There was also evidence that indicated that the ancient Indians of Carolina knew that the world was round, which was common knowledge in the Vedic tradition. A medallion found in association with the mound builders of North Carolina had an image of a three-headed goddess holding a round globe of the world in one of her hands. John Haywood explains it this way:
In the same temple of Elephanta before mentioned is another triple-formed divinity, with three faces, and three arms; in one hand holding a globe; a proof that the ancients of India, as well as the Indians of Carolina, knew that the world was round.
On a medal of Syracuse, is a figure with three heads, extremely like the symbols adopted by the Hindus, and resembling much the Indian figures… The resemblance of the heads, to the deities of India, leaves no doubt of the origin of the emblem. It is seated on a tower. The heads hold various symbolic articles, among which the ring is clearly distinguishable.
There has been a long list of researchers and authors who agree that some of the Native Americans originated from, or were influenced by, those who of ancient Vedic India. One prominent believer was a person Baron Alexander von Humbolt, the famous late 18th and early 19th century European scholar, explorer and anthropologist. Another was George Squier (1821-1888) who was the U.S. charge d’affaires to Central America in 1849 and who brought to attention the many possible connections between India and the Americas. He compared the temples of India, Java and Mexico, as he relates in his book The Serpent Symbol,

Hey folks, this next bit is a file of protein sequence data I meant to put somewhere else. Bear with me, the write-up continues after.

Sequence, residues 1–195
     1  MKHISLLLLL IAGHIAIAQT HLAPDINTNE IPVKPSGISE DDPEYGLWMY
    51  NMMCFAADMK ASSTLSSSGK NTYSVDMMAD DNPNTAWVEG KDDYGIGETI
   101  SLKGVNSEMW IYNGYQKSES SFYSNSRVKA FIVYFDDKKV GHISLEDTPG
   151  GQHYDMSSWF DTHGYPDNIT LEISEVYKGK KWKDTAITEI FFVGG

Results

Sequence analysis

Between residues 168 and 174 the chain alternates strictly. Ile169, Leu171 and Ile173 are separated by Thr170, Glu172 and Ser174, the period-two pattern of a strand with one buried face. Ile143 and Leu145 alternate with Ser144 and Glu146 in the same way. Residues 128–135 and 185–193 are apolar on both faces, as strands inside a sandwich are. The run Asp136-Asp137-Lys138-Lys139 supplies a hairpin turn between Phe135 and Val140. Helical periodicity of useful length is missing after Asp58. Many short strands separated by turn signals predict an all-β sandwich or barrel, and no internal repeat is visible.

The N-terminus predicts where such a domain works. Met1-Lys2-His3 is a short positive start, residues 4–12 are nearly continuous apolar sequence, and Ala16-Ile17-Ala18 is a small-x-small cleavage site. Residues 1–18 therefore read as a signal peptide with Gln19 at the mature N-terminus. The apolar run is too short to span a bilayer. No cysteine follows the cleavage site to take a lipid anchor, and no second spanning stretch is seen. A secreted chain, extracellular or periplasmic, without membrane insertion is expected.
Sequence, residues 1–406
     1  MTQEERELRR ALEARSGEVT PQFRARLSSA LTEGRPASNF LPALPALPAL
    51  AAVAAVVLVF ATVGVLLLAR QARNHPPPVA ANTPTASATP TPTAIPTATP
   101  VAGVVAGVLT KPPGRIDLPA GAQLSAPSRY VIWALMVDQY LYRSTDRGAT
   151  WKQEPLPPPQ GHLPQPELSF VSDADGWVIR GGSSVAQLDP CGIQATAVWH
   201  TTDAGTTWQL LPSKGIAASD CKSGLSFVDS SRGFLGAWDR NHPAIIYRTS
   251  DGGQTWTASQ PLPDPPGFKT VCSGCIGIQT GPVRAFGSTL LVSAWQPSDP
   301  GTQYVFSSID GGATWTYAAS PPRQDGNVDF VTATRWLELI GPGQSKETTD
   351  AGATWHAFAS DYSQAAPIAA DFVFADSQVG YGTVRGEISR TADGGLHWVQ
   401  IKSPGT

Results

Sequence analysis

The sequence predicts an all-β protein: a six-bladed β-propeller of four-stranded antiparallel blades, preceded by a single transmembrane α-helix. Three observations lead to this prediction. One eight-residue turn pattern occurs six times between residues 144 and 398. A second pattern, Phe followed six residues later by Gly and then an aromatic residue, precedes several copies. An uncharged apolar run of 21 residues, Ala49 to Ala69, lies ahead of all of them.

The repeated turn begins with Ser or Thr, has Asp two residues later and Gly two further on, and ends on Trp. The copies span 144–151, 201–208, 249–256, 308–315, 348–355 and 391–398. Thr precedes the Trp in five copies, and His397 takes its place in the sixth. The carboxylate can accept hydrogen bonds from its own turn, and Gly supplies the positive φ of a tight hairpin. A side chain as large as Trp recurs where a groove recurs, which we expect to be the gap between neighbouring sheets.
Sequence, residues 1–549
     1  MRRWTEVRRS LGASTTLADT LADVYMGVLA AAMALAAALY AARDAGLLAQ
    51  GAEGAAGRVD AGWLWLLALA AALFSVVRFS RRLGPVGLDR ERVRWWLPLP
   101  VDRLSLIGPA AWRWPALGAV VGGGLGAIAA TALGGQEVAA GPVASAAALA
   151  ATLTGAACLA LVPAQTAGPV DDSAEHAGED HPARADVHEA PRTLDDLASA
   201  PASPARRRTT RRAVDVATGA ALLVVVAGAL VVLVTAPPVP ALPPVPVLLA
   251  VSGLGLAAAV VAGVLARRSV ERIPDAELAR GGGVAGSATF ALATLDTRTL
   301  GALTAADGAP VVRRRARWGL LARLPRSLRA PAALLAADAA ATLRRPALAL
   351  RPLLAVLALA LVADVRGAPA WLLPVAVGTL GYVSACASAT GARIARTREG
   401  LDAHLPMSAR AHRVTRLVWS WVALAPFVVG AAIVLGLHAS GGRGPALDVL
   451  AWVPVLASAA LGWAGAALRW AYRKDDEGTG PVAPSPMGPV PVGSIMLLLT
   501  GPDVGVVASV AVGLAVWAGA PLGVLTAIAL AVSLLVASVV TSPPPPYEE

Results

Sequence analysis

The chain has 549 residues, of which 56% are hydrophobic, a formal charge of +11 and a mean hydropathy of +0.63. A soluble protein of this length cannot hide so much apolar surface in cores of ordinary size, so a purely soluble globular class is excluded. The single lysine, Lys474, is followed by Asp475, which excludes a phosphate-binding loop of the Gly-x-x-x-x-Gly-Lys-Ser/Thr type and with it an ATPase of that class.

A proper examination of these monuments would disclose the fact that, in their interior structure, as well as their exterior form, and obvious purposes, these buildings [the temples in Palenque, Mexico]correspond with great exactness to those of Hindusthan and the Indian Archipeligo.
Why The Vedic Tribes Of Central Asia Came To North America
For most of the twentieth century, it has been accepted that the date of the Apache and Navaho trek southward from Alaska took place about 1200 CE, and their arrival was about 1500 CE. This is certainly a later wave of migration into North America.